Spice maestro Ethan Frisch has become a friend to farmers across the world. The relationship started when the former New York City chef was distributing aid in Afghanistan and came across ingredients he'd never tasted before. He thought those flavors should be in American kitchens, too.
"I started bringing those spices home not as a business — just to share with friends in the restaurant industry," he told CBSN.
When they asked for more, Frisch delivered. "There was a problem in the industry that it wasn't delivering ingredients that chefs were really excited about, and I saw a pretty clear way that I could solve that problem."
"It's never happened before"
To fill the void, Frisch co-founded Burlap & Barrel, a single-origin spice company that sources ingredients from small farms in more than a dozen countries, including Guatemala, Iceland, India, Spain, Turkey, Vietnam and others. The partnership allows these farmers to export their own spices for the first time.
"It's never happened before in the history of the spice trade, and the spice trade is one of the oldest industries in the world," he said. "We have set up a system where farmers can make a lot more money and know exactly where their products are going."
Not only do consumers learn where their spices come from, but farmers get to see how their products are packaged, marketed, and consumed. To help spread the word, Burlap & Barrel maintains a Facebook group.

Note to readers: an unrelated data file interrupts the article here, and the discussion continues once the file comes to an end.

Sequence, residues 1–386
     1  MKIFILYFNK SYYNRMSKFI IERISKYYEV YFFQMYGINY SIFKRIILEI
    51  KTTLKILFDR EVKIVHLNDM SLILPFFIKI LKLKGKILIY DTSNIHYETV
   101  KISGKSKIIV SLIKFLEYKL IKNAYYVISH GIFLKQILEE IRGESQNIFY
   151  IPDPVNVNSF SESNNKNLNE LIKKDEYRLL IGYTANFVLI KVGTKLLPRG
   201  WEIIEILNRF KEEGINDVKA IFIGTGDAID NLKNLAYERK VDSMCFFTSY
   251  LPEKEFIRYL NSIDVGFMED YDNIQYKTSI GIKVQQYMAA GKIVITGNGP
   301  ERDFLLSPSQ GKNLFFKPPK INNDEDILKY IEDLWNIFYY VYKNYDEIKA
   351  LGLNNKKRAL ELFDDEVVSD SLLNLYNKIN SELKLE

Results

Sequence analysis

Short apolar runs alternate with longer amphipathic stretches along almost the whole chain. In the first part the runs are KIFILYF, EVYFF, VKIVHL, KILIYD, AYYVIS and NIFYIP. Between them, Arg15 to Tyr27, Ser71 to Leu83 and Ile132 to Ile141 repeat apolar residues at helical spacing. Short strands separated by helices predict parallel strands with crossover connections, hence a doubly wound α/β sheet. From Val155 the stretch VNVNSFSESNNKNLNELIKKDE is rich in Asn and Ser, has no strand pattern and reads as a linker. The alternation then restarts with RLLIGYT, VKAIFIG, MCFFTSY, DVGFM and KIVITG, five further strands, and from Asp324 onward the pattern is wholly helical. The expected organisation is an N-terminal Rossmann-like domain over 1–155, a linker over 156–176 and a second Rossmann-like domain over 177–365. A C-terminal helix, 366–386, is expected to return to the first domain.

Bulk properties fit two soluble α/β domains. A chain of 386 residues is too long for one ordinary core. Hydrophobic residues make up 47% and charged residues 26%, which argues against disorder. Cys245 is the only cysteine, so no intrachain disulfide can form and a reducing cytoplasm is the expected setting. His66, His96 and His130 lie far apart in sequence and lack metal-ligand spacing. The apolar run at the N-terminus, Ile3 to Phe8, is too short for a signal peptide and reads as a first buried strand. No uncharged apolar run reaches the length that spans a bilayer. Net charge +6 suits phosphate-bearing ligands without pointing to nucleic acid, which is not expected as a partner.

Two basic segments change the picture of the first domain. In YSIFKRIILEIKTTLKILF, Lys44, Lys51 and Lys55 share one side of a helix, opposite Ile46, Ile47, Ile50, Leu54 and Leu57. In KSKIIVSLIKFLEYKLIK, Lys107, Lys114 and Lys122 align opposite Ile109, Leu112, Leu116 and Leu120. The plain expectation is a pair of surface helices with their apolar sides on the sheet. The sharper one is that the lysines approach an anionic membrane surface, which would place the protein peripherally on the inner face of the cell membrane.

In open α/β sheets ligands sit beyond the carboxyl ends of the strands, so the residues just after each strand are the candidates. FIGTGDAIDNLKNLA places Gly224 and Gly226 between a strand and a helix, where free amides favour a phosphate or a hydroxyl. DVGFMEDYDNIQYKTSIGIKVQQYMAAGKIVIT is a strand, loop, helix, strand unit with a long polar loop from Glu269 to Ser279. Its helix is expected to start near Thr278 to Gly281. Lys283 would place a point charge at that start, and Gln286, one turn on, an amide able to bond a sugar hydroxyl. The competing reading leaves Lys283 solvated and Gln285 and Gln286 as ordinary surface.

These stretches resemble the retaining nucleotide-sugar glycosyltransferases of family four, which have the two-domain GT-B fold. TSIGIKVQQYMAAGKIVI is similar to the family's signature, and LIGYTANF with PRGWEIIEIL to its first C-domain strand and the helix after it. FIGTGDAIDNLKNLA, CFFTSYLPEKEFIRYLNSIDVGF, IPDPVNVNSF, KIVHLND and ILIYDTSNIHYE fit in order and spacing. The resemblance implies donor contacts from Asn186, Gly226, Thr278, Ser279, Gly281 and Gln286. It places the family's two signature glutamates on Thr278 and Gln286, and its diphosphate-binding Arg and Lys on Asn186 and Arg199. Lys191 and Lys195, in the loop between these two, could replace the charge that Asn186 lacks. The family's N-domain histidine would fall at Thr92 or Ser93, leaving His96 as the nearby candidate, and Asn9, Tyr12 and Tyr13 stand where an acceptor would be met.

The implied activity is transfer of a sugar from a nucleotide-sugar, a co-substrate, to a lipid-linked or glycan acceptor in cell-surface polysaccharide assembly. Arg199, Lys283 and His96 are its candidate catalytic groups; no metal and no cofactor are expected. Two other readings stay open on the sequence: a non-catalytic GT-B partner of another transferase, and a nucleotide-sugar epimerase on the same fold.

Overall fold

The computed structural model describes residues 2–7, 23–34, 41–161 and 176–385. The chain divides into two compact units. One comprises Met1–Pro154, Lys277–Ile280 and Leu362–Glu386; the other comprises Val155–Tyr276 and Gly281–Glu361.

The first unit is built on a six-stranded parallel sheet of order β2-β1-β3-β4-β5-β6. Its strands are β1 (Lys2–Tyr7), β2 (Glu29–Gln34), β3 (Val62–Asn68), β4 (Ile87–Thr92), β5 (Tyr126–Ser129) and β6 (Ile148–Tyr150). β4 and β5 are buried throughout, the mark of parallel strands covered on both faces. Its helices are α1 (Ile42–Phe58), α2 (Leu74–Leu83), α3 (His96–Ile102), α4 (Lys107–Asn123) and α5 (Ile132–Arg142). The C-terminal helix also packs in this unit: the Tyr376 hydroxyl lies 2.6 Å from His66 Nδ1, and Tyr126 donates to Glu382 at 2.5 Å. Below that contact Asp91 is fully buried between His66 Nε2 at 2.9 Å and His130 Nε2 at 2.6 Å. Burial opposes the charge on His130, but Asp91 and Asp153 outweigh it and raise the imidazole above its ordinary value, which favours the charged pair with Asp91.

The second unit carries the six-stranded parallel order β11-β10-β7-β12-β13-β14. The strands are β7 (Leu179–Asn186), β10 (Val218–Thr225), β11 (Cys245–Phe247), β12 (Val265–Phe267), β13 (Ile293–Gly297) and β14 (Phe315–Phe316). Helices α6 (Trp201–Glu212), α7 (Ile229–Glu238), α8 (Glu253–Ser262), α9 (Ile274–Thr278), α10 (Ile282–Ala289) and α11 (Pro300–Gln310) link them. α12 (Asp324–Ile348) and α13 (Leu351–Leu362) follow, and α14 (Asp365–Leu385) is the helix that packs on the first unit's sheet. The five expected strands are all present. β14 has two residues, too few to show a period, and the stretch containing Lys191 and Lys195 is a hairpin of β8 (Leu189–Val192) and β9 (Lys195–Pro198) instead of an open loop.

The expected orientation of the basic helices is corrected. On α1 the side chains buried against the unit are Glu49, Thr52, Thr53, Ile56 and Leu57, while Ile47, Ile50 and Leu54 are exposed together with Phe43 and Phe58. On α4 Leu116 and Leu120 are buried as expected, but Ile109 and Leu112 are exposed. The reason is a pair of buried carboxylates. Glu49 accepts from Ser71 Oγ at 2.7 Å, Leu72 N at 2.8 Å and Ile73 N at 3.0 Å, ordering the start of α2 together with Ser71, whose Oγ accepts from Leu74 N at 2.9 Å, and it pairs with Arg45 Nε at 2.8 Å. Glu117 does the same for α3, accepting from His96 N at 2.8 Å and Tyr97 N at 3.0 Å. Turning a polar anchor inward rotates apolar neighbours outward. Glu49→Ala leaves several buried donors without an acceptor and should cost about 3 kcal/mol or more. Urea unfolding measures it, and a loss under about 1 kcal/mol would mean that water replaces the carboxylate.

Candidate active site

When "people post a picture of the scrambled eggs they made with our Zanzibar black pepper, the farmers in Zanzibar can actually see those pictures," Frisch said, referencing the archipelago and islands off the coast of Tanzania.
Spotlighting farmers' "hard work"
Farmers say it's the opportunity of a lifetime, according to Frisch. "The best conversations are the ones where we show up on the farm and the farmer goes, 'What took you so long? I've been waiting for you to show up for 15 years.'"
But Frisch emphasizes that the farmers are front and center of Burlap & Barrel's business. "It's about highlighting a farmer's skill often honed over generations, to grow something that's absolutely exceptional and then just figuring out that last step of the supply chain. The hard work is done before we show up."